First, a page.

Creamy kuchen (pronounced “coo-gen”) is German for cake, but it’s actually a thick, custard dessert poured into a sweet dough crust and sliced like pie. German-speaking immigrants from what is now Ukraine brought kuchen to North Dakota in the 1880s, and it’s popular enough to be served with coffee and at weddings today. Fillings can be savory — like cottage cheese and onion — but most modern customers prefer sweet varieties like the peach and cheese, tangy strawberry-rhubarb, creamy apricot and blueberry, served at Charlie’s Main Street Café in downtown Minot.


Delicately thin, hand-rolled lefse is a fixture on holiday tables in North Dakota, even in many non-Scandinavian households. Made from finely riced potatoes, the traditional Norwegian flat bread is cooked on a griddle until it forms a large, crepe-like sheet. North Dakotans smear it with butter and top it with white sugar, jam or jelly before rolling it up and eating it. Most families have their own (often ironclad) topping preferences. Those that don’t make their own lefse at home order from Freddy’s Lefse in West Fargo, where it’s been made by the same family since 1946.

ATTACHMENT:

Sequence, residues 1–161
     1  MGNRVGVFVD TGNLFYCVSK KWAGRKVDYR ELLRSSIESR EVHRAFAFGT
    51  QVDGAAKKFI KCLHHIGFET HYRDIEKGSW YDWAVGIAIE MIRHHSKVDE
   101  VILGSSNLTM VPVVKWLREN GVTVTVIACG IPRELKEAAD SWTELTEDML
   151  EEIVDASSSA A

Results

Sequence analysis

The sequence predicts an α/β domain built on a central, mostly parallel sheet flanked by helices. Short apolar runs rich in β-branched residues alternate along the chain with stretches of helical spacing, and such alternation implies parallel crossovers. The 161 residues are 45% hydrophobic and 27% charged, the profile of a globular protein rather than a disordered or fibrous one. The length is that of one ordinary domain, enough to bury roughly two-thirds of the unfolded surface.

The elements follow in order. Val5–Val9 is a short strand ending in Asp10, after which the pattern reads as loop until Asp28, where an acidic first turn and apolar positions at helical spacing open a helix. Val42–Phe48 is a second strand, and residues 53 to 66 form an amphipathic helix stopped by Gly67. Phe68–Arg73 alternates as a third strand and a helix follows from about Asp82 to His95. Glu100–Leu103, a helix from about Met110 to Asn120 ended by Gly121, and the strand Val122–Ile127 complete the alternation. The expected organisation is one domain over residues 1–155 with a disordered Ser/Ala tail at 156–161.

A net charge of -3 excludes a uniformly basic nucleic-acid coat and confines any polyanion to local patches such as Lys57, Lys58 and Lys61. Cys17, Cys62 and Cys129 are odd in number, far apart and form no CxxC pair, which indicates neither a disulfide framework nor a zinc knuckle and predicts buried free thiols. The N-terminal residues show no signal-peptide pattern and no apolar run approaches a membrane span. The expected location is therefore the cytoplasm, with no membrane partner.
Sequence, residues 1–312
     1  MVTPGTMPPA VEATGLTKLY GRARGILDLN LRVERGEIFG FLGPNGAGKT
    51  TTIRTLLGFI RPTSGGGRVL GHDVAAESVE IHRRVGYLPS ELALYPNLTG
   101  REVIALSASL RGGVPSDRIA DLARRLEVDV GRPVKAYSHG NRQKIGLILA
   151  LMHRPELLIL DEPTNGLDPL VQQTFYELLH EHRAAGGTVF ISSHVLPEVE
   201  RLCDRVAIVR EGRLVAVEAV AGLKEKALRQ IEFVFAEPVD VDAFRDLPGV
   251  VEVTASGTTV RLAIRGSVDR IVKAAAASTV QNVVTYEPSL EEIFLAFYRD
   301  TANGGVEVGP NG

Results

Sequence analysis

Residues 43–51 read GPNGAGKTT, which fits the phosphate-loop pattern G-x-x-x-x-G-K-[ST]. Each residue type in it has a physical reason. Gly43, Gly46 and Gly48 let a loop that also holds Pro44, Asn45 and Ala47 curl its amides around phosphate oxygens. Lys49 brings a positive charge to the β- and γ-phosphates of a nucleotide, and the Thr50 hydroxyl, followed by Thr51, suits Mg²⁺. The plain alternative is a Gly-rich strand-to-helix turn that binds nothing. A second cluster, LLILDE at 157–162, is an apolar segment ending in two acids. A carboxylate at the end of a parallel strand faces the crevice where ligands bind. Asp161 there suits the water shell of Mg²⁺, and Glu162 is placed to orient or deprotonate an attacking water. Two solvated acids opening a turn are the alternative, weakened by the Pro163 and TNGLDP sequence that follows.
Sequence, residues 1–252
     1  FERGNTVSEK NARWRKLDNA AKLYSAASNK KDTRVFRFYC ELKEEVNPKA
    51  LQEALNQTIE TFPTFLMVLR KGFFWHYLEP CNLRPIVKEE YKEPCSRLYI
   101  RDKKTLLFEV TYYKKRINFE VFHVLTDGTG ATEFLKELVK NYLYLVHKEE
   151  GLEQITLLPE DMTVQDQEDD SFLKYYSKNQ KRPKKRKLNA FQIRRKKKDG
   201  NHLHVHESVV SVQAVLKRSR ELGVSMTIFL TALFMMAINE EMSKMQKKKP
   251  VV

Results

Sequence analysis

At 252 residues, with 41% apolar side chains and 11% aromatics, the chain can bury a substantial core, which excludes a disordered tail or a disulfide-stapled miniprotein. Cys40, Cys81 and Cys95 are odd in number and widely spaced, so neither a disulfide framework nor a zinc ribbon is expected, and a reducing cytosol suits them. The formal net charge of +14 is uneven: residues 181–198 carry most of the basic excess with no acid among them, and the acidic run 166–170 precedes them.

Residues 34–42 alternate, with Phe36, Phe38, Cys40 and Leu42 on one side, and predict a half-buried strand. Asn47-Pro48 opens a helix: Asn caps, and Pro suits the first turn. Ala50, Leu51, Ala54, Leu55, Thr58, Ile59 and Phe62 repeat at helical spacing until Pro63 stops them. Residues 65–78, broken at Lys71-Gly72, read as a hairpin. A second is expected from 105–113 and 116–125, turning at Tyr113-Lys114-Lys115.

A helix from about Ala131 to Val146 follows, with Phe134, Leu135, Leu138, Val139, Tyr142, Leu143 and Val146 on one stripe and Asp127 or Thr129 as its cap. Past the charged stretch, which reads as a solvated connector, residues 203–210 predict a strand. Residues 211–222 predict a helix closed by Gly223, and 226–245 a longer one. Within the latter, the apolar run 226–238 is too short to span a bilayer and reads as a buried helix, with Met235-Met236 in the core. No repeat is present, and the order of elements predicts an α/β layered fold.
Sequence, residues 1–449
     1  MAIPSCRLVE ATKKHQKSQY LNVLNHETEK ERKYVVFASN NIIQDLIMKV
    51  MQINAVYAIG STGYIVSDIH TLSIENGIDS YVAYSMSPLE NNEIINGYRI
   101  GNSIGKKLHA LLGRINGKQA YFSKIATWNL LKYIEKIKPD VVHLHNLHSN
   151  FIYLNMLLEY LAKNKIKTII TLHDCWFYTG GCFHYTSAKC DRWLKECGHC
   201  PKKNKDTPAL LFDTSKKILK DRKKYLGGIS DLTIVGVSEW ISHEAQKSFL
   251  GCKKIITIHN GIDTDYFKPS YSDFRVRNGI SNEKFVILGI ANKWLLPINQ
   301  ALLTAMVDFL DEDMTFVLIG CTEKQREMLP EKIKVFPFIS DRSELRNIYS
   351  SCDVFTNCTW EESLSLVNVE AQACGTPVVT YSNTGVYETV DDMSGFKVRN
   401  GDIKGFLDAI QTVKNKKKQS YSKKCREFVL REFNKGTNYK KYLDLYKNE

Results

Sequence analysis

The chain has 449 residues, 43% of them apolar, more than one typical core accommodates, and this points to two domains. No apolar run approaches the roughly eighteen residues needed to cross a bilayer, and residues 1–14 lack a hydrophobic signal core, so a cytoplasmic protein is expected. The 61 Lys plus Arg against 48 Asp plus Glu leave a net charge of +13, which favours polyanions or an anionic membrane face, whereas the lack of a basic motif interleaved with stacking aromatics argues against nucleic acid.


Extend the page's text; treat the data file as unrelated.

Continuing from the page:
Pitchfork Steak

Cowboys were the first non-Native residents of western North Dakota, and their cultural influence and rugged campfire cuisine live on in the North Dakota badlands. The gleefully touristy, mostly self-serve Pitchfork Steak Fondue in Medora offers steak prepared the cowboy way — fried in hot oil and served with baked beans, baked potatoes, coleslaw and more. The food is humble, but the sweeping view of the badlands bluffs from the outdoor terrace is stunning.

Strawberry Rhubarb Pie